AI drones able to identify botrytis

Researchers from Unmanned Valley, Greenport DB, and NL Space Campus have successfully developed an AI model that enables drones to identify botrytis.

Drone enabled by AI to detect botrytis

Cunningly, the newly developed model leverages artificial intelligence to analyse vast amounts of drone data, resulting in a detailed map that pinpoints – with millimetre precision, plants that are diseased or at risk. By means of this accurate and early detection of potentially harmful crop conditions, any required crop protection can be applied specifically, significantly reducing usage.

According to the researchers the model is currently only capable of recognizing botrytis in tulips and hyacinths but it is expected that capabilities will be extended to detecting other diseases in different crops.

A truly intriguing development, not just from an environmental perspective but also for growers in terms of potential cost savings through reduced risk of crop failures, reduced requirements of crop protection agents, and eliminating the need for manual field inspections.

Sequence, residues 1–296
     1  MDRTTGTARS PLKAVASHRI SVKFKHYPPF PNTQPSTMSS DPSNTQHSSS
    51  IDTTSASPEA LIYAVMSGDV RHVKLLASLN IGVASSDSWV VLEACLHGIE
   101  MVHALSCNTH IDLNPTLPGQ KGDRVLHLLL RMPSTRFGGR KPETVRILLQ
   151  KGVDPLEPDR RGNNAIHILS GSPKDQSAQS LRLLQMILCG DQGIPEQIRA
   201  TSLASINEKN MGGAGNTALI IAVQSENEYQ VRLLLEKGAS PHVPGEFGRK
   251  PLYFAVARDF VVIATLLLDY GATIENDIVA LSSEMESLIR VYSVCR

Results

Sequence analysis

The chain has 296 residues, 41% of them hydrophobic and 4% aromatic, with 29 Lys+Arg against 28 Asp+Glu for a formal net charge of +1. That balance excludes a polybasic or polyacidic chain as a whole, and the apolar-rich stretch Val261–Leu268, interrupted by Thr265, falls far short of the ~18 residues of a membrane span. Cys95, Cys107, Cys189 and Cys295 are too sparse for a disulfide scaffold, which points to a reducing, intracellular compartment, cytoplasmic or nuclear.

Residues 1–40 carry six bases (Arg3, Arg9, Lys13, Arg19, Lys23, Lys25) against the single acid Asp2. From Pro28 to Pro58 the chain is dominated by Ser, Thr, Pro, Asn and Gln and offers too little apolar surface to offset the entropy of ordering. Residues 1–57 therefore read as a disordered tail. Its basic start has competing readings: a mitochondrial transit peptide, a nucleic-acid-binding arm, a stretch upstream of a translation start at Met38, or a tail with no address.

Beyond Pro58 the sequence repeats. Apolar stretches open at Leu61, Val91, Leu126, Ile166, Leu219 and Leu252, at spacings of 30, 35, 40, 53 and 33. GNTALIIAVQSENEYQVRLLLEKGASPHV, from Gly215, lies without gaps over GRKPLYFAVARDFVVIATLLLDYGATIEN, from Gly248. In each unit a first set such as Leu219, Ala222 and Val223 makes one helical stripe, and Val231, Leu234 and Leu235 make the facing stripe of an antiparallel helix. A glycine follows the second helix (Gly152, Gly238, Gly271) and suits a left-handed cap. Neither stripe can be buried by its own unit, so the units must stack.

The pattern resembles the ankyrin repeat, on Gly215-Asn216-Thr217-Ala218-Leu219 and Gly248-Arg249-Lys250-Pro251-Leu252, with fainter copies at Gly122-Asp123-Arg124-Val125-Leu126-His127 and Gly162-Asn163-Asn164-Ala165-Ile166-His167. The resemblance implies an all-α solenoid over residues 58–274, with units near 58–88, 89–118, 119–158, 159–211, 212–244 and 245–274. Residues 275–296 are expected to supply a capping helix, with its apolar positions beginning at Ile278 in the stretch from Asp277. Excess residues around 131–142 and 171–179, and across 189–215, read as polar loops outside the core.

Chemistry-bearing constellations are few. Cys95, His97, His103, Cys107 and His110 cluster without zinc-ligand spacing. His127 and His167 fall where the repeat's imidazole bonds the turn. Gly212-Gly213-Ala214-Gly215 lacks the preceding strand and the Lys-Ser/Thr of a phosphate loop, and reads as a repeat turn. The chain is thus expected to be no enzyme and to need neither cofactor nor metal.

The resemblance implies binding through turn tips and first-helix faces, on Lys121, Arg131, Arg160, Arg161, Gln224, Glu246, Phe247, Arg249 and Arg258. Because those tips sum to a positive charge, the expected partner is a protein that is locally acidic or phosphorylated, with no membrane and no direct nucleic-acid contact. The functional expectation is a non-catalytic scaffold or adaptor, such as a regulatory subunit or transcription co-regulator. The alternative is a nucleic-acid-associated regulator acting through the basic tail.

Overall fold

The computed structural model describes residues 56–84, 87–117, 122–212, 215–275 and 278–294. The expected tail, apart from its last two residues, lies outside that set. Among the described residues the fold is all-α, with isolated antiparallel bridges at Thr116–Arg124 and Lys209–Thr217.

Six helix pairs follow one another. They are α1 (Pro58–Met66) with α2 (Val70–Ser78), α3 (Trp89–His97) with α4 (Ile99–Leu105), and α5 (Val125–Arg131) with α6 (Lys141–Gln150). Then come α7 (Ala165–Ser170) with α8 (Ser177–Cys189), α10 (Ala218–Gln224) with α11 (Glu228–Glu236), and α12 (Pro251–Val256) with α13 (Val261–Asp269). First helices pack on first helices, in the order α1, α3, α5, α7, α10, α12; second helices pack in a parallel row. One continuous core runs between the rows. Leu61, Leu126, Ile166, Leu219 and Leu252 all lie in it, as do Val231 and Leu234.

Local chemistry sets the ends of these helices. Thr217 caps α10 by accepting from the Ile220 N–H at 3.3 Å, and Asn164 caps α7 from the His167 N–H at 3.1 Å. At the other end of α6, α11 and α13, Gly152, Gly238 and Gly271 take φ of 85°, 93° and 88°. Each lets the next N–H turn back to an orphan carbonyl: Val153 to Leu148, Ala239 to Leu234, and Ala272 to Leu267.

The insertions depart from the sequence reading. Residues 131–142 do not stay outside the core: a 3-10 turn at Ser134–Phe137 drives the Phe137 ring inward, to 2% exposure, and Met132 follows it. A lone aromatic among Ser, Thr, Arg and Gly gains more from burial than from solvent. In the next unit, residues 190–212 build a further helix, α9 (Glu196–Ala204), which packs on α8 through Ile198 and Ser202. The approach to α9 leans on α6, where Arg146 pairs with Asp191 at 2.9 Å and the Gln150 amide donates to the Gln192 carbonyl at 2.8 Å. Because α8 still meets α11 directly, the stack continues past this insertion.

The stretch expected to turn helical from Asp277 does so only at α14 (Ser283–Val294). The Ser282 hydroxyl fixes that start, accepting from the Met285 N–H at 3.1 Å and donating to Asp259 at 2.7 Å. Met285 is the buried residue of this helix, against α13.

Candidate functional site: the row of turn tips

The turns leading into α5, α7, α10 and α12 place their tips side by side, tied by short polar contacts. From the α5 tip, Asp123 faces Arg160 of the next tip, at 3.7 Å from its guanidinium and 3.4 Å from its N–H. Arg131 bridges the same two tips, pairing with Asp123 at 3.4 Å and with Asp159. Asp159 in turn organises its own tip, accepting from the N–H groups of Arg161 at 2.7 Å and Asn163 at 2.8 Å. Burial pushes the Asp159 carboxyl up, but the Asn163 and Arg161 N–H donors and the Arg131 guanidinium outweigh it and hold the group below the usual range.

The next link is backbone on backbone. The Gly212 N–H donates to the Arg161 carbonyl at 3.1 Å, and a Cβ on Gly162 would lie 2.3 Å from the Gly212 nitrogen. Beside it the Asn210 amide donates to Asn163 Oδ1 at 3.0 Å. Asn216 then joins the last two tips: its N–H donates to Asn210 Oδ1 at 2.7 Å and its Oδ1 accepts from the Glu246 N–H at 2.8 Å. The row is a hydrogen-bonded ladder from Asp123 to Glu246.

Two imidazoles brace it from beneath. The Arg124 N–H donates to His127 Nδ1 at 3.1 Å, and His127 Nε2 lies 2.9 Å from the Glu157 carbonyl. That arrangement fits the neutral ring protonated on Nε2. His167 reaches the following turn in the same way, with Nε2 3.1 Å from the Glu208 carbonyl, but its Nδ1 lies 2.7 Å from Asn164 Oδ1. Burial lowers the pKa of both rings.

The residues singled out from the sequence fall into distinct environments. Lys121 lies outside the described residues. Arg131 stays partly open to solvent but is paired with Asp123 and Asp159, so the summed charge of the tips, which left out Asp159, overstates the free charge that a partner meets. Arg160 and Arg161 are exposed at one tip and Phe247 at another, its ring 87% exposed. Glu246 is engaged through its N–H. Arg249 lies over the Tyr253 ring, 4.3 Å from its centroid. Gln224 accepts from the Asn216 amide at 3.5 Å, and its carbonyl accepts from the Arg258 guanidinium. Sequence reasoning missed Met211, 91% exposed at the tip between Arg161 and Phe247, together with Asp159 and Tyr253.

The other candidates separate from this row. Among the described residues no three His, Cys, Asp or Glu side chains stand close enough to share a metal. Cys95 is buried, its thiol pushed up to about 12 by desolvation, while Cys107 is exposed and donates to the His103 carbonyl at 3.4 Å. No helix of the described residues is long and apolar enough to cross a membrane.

The ‘Remote Sensing for Horticulture’ project is working on improving the accuracy of the measurements by combining drone data with satellite imagery and current information on soil and weather conditions. In addition, exploring how the technology can detect other diseases in different crops.

This project was made possible by the municipality of Katwijk, Holland Rijnland, and Drone-Engineering & Operations students from the ROC of Amsterdam.